Once the latest transaction of a coin is buried under enough blocks, fully spent transactions that preceded it can be discarded to save disk space. To facilitate this without breaking the block's hash, transactions are hashed in a Merkle tree, with only the root included in the block's hash. Old blocks can then be compacted by stubbing off branches of the tree. The interior hashes need not be stored.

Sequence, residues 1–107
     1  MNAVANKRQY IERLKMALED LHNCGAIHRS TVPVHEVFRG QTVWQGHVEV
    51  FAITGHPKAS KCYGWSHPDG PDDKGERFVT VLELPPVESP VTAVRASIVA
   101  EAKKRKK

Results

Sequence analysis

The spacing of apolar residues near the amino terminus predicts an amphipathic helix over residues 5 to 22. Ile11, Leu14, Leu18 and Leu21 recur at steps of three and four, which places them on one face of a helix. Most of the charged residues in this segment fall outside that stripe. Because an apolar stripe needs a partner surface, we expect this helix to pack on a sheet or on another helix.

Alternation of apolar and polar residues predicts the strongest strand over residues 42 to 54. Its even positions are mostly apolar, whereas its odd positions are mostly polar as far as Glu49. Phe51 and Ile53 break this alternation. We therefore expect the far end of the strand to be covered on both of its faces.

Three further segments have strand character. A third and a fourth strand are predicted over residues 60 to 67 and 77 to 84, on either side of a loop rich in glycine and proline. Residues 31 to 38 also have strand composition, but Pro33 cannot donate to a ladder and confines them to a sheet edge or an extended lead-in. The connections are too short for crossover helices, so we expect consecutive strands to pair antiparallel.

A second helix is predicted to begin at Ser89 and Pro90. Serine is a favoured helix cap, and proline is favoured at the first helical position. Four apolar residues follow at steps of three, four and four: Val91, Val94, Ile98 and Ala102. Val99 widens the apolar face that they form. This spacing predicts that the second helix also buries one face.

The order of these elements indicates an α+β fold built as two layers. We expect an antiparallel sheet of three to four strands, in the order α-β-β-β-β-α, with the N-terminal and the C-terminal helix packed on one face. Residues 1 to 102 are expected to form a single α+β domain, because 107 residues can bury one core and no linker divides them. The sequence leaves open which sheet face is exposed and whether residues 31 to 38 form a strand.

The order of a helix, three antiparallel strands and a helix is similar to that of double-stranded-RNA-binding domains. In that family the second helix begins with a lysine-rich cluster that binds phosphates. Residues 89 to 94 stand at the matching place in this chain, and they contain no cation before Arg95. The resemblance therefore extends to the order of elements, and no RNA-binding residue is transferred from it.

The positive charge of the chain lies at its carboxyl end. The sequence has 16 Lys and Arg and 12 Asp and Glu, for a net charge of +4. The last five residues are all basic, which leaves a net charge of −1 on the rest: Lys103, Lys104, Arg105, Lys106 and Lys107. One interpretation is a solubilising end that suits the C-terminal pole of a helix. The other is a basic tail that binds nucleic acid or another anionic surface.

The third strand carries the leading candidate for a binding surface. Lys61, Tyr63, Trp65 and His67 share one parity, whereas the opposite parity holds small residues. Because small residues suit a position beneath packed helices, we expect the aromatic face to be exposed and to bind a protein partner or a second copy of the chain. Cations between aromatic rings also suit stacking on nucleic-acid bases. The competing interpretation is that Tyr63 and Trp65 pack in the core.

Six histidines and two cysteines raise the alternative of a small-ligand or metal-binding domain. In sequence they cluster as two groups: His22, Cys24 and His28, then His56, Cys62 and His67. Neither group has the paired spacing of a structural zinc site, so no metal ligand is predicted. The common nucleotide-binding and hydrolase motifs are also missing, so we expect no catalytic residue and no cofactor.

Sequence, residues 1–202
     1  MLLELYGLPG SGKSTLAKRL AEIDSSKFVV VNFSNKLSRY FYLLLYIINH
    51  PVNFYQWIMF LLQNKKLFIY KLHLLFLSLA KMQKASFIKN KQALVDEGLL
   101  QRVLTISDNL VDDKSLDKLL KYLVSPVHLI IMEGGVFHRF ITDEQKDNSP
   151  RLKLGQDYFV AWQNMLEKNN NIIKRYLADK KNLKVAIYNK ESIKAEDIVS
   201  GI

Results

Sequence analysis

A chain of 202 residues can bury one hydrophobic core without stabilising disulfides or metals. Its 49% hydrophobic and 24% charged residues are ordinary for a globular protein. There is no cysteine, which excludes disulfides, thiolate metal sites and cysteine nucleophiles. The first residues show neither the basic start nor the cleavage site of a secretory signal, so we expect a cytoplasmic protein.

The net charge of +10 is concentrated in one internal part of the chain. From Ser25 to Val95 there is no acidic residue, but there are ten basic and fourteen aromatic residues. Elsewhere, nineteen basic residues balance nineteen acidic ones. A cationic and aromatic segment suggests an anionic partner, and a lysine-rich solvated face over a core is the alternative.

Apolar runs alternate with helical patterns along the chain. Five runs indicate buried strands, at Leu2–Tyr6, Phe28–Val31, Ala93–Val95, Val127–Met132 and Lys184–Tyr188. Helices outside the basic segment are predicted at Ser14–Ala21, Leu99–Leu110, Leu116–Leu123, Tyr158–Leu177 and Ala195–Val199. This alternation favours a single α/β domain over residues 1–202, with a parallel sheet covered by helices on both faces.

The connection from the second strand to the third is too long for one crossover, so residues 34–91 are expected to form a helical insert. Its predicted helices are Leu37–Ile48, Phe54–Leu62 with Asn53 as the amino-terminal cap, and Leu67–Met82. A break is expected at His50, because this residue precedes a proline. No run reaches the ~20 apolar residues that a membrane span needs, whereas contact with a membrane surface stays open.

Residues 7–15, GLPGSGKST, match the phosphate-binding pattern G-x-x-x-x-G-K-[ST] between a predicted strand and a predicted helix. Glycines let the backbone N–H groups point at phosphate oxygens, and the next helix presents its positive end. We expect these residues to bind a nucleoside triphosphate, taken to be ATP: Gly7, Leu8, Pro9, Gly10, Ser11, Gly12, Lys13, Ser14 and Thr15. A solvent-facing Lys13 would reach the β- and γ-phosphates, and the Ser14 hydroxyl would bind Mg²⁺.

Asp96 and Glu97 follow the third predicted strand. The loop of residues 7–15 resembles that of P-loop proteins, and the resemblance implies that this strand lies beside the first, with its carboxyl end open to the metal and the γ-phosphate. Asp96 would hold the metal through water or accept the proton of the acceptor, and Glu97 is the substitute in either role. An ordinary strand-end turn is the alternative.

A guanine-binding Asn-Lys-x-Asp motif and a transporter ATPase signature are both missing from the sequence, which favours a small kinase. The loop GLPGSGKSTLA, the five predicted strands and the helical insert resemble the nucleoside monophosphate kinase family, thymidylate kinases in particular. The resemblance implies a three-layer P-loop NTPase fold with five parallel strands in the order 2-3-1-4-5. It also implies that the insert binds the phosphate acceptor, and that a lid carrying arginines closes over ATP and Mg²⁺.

While these calculations are accurate for archived transactions, the load on recent and 'active' blocks is significant. The bitcoin network is restricted to a rate of 7 transactions per second, to prevent the network from unsustainable expansion. In comparison, the VISA network handles an average 2,000 transactions per second, with daily bursts of over 4,000 transactions and up to 10,000 during seasonal peaks. If the bitcoin network transaction cap was removed, and the network load was similar to that of VISA's (2000 TPS), each client (and miner) would require a constant download and upload rate of upwards of 1 megabyte per second, and each 10-minute block would be over 500MB.